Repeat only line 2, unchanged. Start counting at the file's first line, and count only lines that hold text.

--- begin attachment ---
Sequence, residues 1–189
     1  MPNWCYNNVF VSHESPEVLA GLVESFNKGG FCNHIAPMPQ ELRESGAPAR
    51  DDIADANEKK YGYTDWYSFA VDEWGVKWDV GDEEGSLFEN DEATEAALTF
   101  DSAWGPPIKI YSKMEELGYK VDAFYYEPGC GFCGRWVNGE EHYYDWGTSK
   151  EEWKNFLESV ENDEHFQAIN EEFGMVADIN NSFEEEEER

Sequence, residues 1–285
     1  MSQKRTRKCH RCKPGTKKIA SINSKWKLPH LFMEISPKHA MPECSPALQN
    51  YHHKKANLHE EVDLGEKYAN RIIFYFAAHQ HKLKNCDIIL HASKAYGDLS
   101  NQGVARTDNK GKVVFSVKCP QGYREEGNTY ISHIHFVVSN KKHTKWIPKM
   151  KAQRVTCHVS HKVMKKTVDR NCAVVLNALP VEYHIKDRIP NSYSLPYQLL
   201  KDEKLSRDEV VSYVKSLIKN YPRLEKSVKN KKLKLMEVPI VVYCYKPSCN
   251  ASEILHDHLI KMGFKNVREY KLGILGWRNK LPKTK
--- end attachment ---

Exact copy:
     1  MPNWCYNNVF VSHESPEVLA GLVESFNKGG FCNHIAPMPQ ELRESGAPAR